Hong Kong police clash with protesters outside govt HQ

Hong Kong police clash with protesters outside govt HQ

Hundreds of Hong Kong pro-democracy protesters faced off against police early today in a fresh escalation of tensions, with officers firing pepper spray at angry students trying to surround the government headquarters.

In chaotic scenes, protesters wearing helmets and wielding umbrellas spilled into a major road outside the office of Chief Executive Leung Chun-ying as police tried to beat them back with batons and pepper spray.

"I want true democracy!" protesters yelled. "Surround the headquarters. Paralyse the government."

Protesters have been staging mass sit-ins in Hong Kong for more than two months, demanding free leadership elections for the semi-autonomous Chinese city.

China's communist authorities insist candidates for the 2017 vote must be vetted by a loyalist committee, which the protesters say will ensure the election of a pro-Beijing stooge.

Police said they had made 40 arrests overnight.
As the morning rush-hour approached, hundreds of protesters - many of them sleeping - remained spread across Lung Wo Road, a major traffic artery connecting the east and west of Hong Kong island.
A police spokesman said the road was "illegally occupied" and that officers would move to clear it.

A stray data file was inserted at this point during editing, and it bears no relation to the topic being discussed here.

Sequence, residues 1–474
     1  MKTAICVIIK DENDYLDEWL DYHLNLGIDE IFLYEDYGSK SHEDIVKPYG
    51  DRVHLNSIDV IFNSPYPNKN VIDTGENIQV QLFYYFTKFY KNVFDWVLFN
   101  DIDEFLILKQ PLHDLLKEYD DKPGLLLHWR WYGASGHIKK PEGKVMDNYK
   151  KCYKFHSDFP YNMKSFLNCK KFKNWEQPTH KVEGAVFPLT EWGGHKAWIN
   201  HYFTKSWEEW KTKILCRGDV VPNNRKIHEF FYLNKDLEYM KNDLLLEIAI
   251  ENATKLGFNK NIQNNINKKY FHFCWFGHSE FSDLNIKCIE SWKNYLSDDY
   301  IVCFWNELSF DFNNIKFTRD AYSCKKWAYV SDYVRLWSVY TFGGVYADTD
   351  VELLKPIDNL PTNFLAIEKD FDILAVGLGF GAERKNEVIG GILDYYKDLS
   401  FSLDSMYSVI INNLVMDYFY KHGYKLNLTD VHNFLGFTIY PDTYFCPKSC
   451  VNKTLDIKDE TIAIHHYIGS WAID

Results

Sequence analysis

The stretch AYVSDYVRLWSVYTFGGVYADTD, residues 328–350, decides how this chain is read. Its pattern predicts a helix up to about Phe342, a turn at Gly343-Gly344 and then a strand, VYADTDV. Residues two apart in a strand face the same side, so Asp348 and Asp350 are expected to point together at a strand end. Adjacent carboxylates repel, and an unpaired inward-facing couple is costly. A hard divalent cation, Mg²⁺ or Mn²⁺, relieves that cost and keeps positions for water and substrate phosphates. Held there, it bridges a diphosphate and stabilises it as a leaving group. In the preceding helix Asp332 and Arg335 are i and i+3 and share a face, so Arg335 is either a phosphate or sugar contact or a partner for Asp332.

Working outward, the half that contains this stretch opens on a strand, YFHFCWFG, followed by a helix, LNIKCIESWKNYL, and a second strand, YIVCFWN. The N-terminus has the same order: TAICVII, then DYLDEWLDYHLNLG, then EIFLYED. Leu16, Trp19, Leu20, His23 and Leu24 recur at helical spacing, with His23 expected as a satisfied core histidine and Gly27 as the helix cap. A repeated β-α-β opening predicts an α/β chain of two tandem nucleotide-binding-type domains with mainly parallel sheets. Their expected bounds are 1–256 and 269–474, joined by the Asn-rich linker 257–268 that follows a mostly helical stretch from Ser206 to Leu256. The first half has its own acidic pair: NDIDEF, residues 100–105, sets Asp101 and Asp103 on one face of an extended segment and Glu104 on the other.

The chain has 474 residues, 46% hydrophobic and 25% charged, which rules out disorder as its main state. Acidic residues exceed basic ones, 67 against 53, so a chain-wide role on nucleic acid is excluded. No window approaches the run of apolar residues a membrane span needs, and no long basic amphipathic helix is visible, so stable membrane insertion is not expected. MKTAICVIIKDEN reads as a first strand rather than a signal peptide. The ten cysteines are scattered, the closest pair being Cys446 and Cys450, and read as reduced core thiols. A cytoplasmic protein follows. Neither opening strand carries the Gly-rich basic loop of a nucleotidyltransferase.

Several protesters were injured in the overnight clashes.
One was seen led away by police with a bloodied face, while others were tended to by first-aid volunteers after being fired at with pepper spray.

Protesters wore builders' hard hats and used umbrellas - which have come to symbolise the pro-democracy movement - to shield themselves from the pepper spray.
Police had to dodge helmets and bottles that were lobbed through the air. One officer was carted into the back of an ambulance on a stretcher.

"I'm more determined than ever, because the police are abusing their power," protester Kelvin Lau told AFP.

"This is a long-awaited escalation of action. It should have happened ages ago."
The protests drew tens of thousands of people at times during their first weeks, but the numbers have dwindled as the movement's leaders struggle to keep up momentum.

Frustrations have grown amongst the demonstrators as Beijing refuses to budge on the vetting of candidates, while support has waned amongst residents grown weary of the transport disruption.

Hundreds of tents continue to block a long stretch of a multi-lane highway outside government headquarters in central Hong Kong, while a smaller camp blocks another busy road in the shopping district of Causeway Bay

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